Status: This is an ongoing story! I will be posting chapters as I finish them. I hope you like the story and have as much fun reading it as I did/do writing it.

Once Upon a Time

Chapter One

It was dark inside the wolf.

She had gotten quite used to this fact. She often found herself in his stomach, waiting for the hunter to make his appearance to save her for the umpteenth time. As she waited, she began humming a tune quietly to herself. A rather annoying one, she realized, that the Pied Piper must have been playing the night before.
She was disrupted from her thoughts by a loud commotion. Placing her best panicked expression on her face, she prepared to be rescued. Daylight trickled into the wolf’s digestive system as she was unceremoniously sliced out of his gut, and the plot continued. “Why thank you, noble huntsman, what-” It was then she noticed that the ‘huntsman’ had a rather mischievous glint in his eye, and his grin was slightly lopsided. Rolling her eyes, she continued. “Whatever shall I do about Grandmother? Why, it seems as if she has been stuffed in the closet this whole time!”

As she reached the closet and opened it to help her Grandmother, she eyed the man standing rather pretentiously in the corner. He supplied her with a sly wink, causing her to roll her eyes yet again.
The light dimmed, signaling her story’s end. Her face fell as she walked out of the cottage, mysterious man in tow. When she approached the end of eavesdropping distance from the cottage, she whirled around. Eyes flashing with anger, she hissed. “Just what are you doing out of your book, Hood?”
Robin shrugged, flashing that lopsided grin yet again. “I was simply bored, Miss Hood! I was tired of hearing the friar’s story about how he nearly choked on a leg of mutton that he decided he should eat whole-a story I’ve heard, far too often, mind-and I thought what better way to pass the time than to have a little fun in someone else’s story.” A moment or two passed, in which he seemed to be in deep concentration (a feat she thought impossible and probably dangerous). His eyes lit up as he added, “Plus, I’ve always found your story to be much more enjoyable than my own.”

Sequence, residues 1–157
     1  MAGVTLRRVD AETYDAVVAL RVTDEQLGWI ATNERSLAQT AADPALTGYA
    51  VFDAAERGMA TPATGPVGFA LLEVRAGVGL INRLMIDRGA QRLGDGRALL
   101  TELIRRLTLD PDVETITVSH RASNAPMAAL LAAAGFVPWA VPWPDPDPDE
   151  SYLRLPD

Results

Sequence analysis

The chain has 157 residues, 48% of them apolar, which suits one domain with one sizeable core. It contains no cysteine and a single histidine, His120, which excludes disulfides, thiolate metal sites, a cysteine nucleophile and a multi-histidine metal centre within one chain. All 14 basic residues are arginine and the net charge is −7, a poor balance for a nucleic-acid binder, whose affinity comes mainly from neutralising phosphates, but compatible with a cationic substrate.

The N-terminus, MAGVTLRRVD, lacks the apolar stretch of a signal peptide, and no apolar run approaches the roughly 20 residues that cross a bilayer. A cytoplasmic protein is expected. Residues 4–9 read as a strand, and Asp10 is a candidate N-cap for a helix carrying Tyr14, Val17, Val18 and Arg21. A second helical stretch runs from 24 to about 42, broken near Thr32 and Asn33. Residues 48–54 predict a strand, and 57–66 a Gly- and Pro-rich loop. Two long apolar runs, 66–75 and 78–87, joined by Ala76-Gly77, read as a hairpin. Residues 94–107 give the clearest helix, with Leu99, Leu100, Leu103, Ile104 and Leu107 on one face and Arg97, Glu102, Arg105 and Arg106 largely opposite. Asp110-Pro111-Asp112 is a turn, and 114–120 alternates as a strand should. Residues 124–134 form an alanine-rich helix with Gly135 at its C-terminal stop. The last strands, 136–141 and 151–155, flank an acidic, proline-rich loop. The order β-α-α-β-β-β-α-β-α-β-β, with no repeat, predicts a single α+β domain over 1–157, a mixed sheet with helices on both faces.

At this, she laughed, and began walking into the forest. “How can you possibly find your own story to be boring? You get to go on adventures with your merry men, thwarting an evil sheriff’s plans for ultimate chaos along the way! Now, I don’t know about you, but I hardly find that to be less enjoyable than my own tale.”
Robin scoffed. “Red, those adventures are the same ones I’ve been doing for years now. The surprising twists are far less surprising the hundredth go around than the first. Little John’s stories of the many women he’s-erm..” He trailed off, eyes tracing the ground for a moment. “...courted, throughout his life have become predictable.” He stopped in his tracks, and turned to her. “I suppose what I mean to say is, I’ve grown tired of my own story.” He looked around at the dense forest, a wistful glaze over his bright green eyes. “Hence why I’m here. Story hopping.”
Red busied herself picking off strands of wolf fur, giving herself time to think. At last, she spoke.

“Well, while I personally wouldn’t ever leave my book for another tale, I can understand where you’re coming from. You’re a man of great adventures in epic proportions. It’s no wonder you’re looking for greater adventures in even more epic proportions.” She paused, pondering her next words carefully. “I suppose if you really must get out of your own pages, you could join mine-” A wall of musty forest vigilante slammed into her as she was crushed into a giant bear hug, her words quite literally being squashed out of her. There were a few too many arms involved in the embrace, however..